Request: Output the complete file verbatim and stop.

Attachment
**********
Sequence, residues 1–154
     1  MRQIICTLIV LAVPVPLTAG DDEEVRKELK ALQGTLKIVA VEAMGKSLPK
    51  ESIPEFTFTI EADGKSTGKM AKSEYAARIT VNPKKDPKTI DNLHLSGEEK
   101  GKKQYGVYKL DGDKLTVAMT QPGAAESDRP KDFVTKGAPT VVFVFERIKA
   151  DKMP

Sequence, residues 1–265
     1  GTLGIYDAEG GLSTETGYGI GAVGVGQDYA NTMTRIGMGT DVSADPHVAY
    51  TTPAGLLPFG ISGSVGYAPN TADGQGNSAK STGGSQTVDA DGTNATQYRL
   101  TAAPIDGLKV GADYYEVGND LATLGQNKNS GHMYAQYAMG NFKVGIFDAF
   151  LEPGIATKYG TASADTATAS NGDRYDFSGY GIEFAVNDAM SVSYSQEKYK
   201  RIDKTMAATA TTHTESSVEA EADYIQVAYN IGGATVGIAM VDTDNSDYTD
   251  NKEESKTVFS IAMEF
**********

Sequence, residues 1–154
     1  MRQIICTLIV LAVPVPLTAG DDEEVRKELK ALQGTLKIVA VEAMGKSLPK
    51  ESIPEFTFTI EADGKSTGKM AKSEYAARIT VNPKKDPKTI DNLHLSGEEK
   101  GKKQYGVYKL DGDKLTVAMT QPGAAESDRP KDFVTKGAPT VVFVFERIKA
   151  DKMP

Sequence, residues 1–265
     1  GTLGIYDAEG GLSTETGYGI GAVGVGQDYA NTMTRIGMGT DVSADPHVAY
    51  TTPAGLLPFG ISGSVGYAPN TADGQGNSAK STGGSQTVDA DGTNATQYRL
   101  TAAPIDGLKV GADYYEVGND LATLGQNKNS GHMYAQYAMG NFKVGIFDAF
   151  LEPGIATKYG TASADTATAS NGDRYDFSGY GIEFAVNDAM SVSYSQEKYK
   201  RIDKTMAATA TTHTESSVEA EADYIQVAYN IGGATVGIAM VDTDNSDYTD
   251  NKEESKTVFS IAMEF